I started writing and submitting in the late 1980s. Publishing was a different beast in those days. Everything was done via snail-mail. You typed a manuscript -- very few of us had computers -- and you mailed it off. Then you waited.
You might wait two weeks or a year. Eventually, you'd get a 'rejection slip' or, if you were lucky, an acceptance. Rejections slips might be a brief 'thanks but no thanks' or a check-off box on a list (too slow, not our genre, are you kidding, etc.') or, rarely, a personal letter from the editor detailing the reasons for rejection.
And those were your options. If I recall, there were maybe three big vanity presses up and running. You could pay them, sure, but you'd wind up with a garage full of books that no book store would touch.
That much hasn't changed.
Fast forward to today. Everything is submitted via email. More importantly, Kindle Direct Publishing means *anyone* can put a book in front of the general public.
Is Kindle Direct Publishing a bad thing?
Heck no. I've put my own short stories into anthologies and published them via KDP. Self published, that is. And proud of it.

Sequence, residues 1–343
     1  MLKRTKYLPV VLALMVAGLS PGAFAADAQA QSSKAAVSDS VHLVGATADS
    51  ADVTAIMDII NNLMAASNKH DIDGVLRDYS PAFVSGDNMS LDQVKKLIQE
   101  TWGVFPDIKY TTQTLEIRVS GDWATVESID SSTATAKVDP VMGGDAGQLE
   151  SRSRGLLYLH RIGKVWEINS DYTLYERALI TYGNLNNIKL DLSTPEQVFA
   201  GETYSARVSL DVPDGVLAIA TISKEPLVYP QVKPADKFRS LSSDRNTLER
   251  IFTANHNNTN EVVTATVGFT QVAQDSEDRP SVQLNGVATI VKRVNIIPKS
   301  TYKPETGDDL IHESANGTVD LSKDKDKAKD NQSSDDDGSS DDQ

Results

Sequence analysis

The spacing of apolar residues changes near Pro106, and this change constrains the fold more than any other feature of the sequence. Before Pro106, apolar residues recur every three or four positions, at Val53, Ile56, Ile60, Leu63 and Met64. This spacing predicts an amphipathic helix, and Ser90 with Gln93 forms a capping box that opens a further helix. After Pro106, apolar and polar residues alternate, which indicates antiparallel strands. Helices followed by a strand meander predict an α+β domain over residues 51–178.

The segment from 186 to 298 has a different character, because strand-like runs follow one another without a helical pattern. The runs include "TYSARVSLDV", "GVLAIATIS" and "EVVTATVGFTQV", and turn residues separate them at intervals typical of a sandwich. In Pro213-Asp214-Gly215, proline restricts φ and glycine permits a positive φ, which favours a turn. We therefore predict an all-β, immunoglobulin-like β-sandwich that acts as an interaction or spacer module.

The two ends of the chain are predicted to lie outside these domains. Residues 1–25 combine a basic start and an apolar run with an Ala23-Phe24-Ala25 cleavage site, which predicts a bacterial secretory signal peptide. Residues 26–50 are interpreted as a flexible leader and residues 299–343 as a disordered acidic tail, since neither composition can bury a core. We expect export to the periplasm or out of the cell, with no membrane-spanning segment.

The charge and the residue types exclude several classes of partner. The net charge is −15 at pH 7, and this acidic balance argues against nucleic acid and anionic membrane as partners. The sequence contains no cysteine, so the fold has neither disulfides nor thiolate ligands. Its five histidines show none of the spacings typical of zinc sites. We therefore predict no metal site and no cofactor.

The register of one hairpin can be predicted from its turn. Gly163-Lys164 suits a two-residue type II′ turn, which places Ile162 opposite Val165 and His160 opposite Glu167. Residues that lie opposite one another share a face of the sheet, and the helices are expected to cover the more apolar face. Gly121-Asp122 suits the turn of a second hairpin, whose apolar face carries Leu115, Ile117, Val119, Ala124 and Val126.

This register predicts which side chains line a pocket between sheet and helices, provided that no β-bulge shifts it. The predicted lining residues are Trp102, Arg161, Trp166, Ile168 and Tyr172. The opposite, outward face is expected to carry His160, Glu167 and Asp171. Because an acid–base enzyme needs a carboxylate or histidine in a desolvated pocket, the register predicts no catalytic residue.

Why? Because each of these stories, at some point, was deemed salable by an editor. Okay, it's been so long since they were published the rights reverted back to me. So I decided why not put them on KDP?
If people read them, and like them, they might buy my trad-pubbed novels. They get a good book, my publisher gets a sale, I take my wife out to eat -- everyone wins!
So I have a two-pronged sales approach. First, I offer my short stories, most of them print published in the 1990s, via KDP. If people like those, I hope they'll buy my trad-pubbed novels.
Are they buying my trad-pubbed novels?
Yes. They are. I'm not a number one best-seller -- yet -- but I'm making progress. I have a YA series. The Mug and Meralda books)and an adult (the Markhat Files) series, and I'm doing just fine. One is self-pubbed. The other is trad-pubbed).
If I had a point at all, it is this: First, write a lot. One book isn't enough. Everybody has one book.
Very few have five.
Even fewer have ten.
Write. When you finish that first book, start another. Finished with that fourth book?
Start another one. Nope, don't talk, start that next book!
Start it, and finish it, and then get the next one out.